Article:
1. Drag Relational Record into the JSP page.
  2. This will start the Add Relation Record wizard, in which you specify a name as shown in Figure 3. Enter e_name in the Name field.
  3. Select Creating a new record, because you are inserting a record into the database. Click Next.
Figure 3. Enter a reference name for the record
dialog with record configuration options
  1. The wizard next displays the choice for a new connection. Click Next.
  2. This leads to the JDBC Connection Parameters page, as shown in Figure 4. Enter the following:
    1. JDBC Driver: IBM DB2 Universal
    2. Database: SDOJSP
    3. Host: localhost
    4. User ID and Password as needed
  3. Click Test Connection to make sure that the connection works.
Figure 4: Specify options in the New JDBC Connection wizard
specify manager, driver, and parameters
  1. Click Next.
  2. Click Finish. The database and all its schemas are displayed in the Record Properties page, as shown in Figure 5.
Figure 5: Select a table
list of tables in database
  1. Expand the relevant schemas and click the table in which you want the record to be updated. In this case it will be the schema GTANDON and table PERSONAL.
  2. Click Next. Because you are updating all of the columns in the table, you can leave everything selected, as shown in Figure 6.
  3. Click Finish.
Figure 6: Select the columns to include in your result
all columns in Personal table selected

After the insert, the JSP page should look like that shown in Figure 7.

Figure 7: Review the JSP in Design mode
design view shows code for input fields

Now you can test it on the server by actually inserting a record into the database using the form placed on the JSP page.

  1. Right-click SdoDem.jsp and select Run As > Run on Server.
  2. Pick an appropriate server and the Web browser launches, displaying the final JSP page, as shown in Figure 8.
  3. Enter valid values and click Submit. In this example, the submit page is redirected to another JSP that displays the results of the updated table.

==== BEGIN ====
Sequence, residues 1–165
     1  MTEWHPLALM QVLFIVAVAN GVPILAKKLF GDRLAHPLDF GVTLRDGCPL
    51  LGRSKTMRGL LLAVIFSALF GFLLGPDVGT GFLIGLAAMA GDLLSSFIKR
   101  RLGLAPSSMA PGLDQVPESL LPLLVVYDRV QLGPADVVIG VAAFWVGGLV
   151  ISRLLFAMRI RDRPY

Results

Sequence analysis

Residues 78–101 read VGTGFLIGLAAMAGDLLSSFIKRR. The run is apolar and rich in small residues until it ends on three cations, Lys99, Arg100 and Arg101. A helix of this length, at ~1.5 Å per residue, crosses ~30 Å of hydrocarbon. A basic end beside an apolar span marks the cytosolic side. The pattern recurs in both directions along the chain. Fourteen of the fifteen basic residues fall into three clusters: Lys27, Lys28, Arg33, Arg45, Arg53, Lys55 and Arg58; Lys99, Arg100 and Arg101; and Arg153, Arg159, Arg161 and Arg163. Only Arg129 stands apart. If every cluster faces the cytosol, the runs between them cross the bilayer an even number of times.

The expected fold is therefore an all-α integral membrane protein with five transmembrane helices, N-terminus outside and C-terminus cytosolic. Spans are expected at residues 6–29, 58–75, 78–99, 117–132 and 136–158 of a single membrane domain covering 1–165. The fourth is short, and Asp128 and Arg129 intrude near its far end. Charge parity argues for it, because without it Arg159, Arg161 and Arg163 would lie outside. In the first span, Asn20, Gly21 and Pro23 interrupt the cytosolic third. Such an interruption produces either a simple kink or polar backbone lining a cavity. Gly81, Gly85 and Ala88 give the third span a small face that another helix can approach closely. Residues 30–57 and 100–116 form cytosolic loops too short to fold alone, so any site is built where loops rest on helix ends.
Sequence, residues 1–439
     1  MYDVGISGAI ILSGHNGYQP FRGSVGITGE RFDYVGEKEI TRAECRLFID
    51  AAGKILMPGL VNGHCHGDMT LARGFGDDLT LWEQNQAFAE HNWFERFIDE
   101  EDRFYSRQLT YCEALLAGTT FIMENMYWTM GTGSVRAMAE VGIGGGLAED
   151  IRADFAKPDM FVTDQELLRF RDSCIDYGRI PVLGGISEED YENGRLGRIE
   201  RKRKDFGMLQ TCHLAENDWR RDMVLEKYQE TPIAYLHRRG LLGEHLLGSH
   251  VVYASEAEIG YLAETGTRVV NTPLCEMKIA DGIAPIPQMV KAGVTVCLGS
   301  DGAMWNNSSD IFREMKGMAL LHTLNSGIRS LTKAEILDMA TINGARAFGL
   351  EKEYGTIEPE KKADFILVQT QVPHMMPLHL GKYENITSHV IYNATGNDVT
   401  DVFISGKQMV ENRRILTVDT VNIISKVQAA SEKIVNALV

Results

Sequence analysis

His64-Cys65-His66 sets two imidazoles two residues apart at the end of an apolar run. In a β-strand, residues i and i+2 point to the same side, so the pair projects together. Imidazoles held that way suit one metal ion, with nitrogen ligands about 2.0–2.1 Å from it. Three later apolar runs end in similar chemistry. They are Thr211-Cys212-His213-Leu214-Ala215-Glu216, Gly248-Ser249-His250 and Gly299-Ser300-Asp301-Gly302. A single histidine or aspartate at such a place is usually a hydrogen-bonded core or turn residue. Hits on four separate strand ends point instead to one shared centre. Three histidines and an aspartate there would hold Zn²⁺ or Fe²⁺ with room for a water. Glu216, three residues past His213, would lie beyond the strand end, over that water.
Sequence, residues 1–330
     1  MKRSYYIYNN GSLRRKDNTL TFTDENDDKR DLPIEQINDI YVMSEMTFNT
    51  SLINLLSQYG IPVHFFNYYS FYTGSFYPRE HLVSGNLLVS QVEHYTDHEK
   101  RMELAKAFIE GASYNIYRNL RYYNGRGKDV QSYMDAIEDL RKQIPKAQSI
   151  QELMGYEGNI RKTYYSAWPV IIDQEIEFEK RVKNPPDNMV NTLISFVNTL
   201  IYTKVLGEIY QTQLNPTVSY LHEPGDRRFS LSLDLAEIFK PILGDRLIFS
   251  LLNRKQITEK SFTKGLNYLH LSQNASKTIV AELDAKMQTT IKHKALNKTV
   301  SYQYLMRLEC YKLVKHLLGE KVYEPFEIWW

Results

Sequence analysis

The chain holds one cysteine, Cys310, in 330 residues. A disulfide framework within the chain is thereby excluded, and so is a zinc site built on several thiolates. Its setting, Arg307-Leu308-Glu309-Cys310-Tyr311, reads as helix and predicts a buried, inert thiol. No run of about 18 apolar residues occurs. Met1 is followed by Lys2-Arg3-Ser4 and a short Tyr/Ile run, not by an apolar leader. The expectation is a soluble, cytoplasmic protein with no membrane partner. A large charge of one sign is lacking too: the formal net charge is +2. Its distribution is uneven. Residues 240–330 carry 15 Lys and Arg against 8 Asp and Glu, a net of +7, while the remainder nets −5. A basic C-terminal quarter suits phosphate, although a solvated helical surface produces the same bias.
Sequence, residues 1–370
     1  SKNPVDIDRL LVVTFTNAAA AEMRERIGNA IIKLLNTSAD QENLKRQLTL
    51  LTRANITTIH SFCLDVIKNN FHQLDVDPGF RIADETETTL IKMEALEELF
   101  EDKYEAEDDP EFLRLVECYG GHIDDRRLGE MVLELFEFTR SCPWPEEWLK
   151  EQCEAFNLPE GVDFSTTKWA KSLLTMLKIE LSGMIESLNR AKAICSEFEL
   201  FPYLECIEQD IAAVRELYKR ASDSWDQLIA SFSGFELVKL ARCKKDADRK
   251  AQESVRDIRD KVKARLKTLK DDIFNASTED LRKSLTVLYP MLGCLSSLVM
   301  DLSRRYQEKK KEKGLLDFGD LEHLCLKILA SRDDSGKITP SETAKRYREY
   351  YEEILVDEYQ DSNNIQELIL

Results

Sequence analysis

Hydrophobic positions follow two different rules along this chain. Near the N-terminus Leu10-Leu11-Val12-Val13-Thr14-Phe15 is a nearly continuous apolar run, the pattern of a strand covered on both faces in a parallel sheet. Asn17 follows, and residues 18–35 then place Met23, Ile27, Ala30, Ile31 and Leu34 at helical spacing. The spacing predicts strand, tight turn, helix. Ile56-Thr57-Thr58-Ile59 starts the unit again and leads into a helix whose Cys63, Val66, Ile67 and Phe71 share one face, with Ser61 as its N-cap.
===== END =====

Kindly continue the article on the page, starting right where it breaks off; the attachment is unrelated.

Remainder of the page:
The next section describes how you can display this updated data on a JSP page.

Figure 8: Review the rendered JSP page
finished UI with input fields and buttons

Retrieve a record from the database using an existing connection

In order to display employee personal information from the PERSONAL table in the database, you will create a new page called DisplayPersonal.jsp, using the same page template.

  1. Click Data from the Pallette on the right and drag Relational Record onto the page. At this point, you have already created a connection to your database using the JDBC display parameters, so the Relational Record page is displayed.
  2. Enter e_personal as the Name, and then select Displaying an existing record (read-only), as shown in Figure 9.
  3. Click Next.
Figure 9: Configure the Relational Record for displaying data on a JSP page
  1. On the Record Properties page, expand the GTANDON schema and highlight the PERSONAL table.
  2. Click Next.
  3. On the Add Relational Record page, make sure that all of the columns are selected, because you want to display them all.
  4. Click Next.
  5. Click Finish on the final page. The result should look like that shown in Figure 10.
Figure 10: In Design mode, review the JSP page as configured to display data retrieved from the database
design view shows variables in code
  1. If you click the Source tab, the code sections for the JSP and the SDO entries have been added by Rational Application Developer. The SDO-related sections are shown in bold below the <meta name="GENERATOR"> and <tr-class="content area"> tags in Listing 1, following.